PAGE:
Quantifying Content Velocity in Adobe Analytics
If publishing content is important to your brand, there may be times when you want to quantify how fast users are viewing your content and how long it takes for excitement to wane. This is especially important for news and other media sites that have content as their main product. In my world, I write a lot of blog posts, so I also am curious about which posts people view and how soon they are viewed. In this post, I will share some techniques for measuring this in Adobe Analytics.
The first step to tracking content velocity is to assign a launch date to each piece of content, which is normally the publish date. Using my blog as an example, I have created a SAINT Classification of the Blog Post Title eVar and classified each post with the publish date:
Here is what the SAINT File looks like when completed:
The next setup step is to set a date eVar on every website visit. This is as simple as capturing today’s date in an eVar on every hit, which I blogged about back in 2011. Having the current date will allow you to compare the date the post was viewed with the date it was published. Here is an example on my site:
Reporting in Analysis Workspace
Once the setup is complete, you can move onto reporting. First, I’ll show how to report on the data in Analysis Workspace. In Workspace, you can create a panel and add the content item you care about (blog post in my example) and then break it down by the launch date and the view date. I recommend setting the date range to begin with the publish date:
In this example, you can see that the blog post launched on 8/7/18 and that 36% of total blog post views since then occurred on the launch date. You can also see how many views took place on each date thereafter. As you would expect, most of the views took place around the launch date and then slowed down in subsequent days. If you want to see how this compares to another piece of content, you can create a new panel and view the same report for another post (making sure to adjust the date range in the new panel to start with the new post’s launch date):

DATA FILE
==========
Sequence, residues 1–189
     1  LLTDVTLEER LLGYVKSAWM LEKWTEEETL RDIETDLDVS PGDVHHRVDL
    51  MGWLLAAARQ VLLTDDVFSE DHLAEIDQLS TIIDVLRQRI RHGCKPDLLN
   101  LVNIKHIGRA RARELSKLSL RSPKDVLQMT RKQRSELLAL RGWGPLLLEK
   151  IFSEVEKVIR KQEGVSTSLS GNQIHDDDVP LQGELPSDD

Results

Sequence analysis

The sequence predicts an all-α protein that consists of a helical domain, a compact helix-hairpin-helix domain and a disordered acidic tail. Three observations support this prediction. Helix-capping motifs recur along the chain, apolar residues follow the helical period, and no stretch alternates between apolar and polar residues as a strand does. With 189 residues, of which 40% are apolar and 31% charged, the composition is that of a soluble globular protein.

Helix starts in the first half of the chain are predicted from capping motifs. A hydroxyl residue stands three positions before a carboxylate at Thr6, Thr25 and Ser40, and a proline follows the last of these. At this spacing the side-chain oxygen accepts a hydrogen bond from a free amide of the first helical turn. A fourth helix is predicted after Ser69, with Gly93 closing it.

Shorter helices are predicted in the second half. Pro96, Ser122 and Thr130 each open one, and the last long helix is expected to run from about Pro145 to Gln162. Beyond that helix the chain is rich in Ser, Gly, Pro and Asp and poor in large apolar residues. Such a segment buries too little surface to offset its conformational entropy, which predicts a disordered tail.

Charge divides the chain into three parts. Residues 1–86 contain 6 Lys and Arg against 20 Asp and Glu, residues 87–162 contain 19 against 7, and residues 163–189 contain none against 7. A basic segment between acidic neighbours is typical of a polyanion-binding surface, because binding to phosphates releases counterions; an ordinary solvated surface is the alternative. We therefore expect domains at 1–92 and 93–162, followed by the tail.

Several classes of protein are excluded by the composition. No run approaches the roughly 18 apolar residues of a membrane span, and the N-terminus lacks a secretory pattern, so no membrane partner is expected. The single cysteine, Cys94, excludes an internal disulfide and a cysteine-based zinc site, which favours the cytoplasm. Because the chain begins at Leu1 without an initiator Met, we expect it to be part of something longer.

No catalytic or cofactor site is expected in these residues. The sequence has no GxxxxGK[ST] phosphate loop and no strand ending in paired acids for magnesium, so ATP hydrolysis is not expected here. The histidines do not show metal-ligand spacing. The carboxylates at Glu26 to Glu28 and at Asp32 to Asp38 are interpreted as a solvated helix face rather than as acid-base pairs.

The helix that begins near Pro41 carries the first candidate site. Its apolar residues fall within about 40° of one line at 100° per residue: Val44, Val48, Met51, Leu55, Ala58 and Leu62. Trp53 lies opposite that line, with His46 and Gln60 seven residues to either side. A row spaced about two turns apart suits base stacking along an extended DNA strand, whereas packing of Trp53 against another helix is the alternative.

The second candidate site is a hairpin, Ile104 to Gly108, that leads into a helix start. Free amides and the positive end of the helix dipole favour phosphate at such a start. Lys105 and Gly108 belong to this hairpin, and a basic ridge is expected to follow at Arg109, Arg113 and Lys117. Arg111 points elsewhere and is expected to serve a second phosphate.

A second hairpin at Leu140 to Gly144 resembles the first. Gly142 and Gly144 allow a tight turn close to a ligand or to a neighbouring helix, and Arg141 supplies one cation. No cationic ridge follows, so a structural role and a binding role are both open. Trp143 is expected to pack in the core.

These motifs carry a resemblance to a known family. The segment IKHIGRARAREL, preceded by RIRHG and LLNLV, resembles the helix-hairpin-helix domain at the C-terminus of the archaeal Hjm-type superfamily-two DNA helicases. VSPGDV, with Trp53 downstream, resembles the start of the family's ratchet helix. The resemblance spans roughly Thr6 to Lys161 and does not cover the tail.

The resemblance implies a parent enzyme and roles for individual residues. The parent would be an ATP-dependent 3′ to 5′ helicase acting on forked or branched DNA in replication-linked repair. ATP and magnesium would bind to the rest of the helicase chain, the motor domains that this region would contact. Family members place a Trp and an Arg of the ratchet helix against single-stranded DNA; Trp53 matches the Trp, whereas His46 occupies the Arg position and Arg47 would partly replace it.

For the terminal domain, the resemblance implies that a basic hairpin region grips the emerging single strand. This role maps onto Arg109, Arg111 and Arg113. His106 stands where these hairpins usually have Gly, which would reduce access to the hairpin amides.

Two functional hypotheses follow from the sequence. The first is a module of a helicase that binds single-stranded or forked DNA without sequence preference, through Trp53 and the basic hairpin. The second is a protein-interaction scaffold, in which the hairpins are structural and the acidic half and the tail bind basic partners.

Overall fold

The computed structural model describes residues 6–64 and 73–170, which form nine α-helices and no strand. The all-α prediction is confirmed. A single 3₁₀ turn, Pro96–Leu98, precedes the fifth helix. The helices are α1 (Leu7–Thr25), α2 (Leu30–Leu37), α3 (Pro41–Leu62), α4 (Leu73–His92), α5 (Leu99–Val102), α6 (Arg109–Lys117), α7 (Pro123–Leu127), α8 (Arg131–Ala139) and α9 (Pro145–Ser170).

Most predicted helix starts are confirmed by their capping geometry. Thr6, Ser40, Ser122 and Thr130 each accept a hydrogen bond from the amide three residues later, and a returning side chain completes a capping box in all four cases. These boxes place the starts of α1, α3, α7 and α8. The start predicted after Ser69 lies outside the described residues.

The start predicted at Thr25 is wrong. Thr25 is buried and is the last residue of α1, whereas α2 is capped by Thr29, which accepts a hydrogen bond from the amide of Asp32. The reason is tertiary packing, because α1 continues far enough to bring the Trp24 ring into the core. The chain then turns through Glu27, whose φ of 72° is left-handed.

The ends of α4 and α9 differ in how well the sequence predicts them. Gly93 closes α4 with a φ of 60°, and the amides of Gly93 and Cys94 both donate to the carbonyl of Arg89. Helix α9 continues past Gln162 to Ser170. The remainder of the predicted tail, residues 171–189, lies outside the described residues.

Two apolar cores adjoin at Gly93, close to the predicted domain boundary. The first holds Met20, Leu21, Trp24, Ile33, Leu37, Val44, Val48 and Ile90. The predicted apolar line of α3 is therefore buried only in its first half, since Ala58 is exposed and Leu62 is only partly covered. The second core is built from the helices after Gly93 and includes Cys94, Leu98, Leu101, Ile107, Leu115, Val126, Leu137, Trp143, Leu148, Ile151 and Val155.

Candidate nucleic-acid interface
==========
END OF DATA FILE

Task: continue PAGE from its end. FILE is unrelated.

By viewing two posts side by side, I can start to see how usage varies. The unfortunate part, is that it is difficult to see which date is “Launch Date,” Launch Date +1,” Launch Date +2, ” etc… Therefore, Analysis Workspace, in this situation, is good for seeing some ad-hoc data (no pun intended!), but using Adobe ReportBuilder might actually prove to be a more scalable solution.
Reporting in Adobe ReportBuilder
When you want to do some more advanced formulas, sometimes Adobe ReportBuilder is the best way to go. In this case, I want to create a data block that pulls in all of my blog posts and the date each post was published like this:
Once I have a list of the content I care about (blog posts in this example), I want to pull in how many views of the content occurred each date after the publish date. To do this, I have created a set of reporting parameters like this:
The items in green are manually entered by setting them equal to the blog post name and publish date I am interested in from the preceding data block. In this case, I am setting the Start Date equal to the sixth cell in the second column and the Blog Post equal to the cell to the left of that. Once I have done that I create a data block that looks like this:
This will produce the following table of data:
Now I have a daily report of content views beginning with the publish date. Next, I created a table that references this table that captures the launch date and the subsequent seven days (you can use more days if you want). This is done by referencing the first eight rows in the preceding table and then creating a sum of all other data to create a table that looks like this:
In this table, I have created a dynamic seven-day distribution and then lumped everything else into the last row. Then I have calculated the percentage and added an incremental percentage formula as well. These extra columns allow me to see the following graphs on content velocity:
The cool part about this process, is that it only takes 30 seconds to produce the same reports/graphs for any other piece of content (blog post in my example). All you have to do is alter the items in green and then refresh the data block. Here is the same reporting for a different blog post:
You can see that this post had much more activity early on, whereas the other post started slow and increased later. You could even duplicate each tab in your Excel worksheet so you have one tab for each key content item and then refresh the entire workbook to update the stats for all content at once.
Check out Part 2 of this post here: https://analyticsdemystified.com/featured/quantifying-content-velocity-in-adobe-analytics-part-2/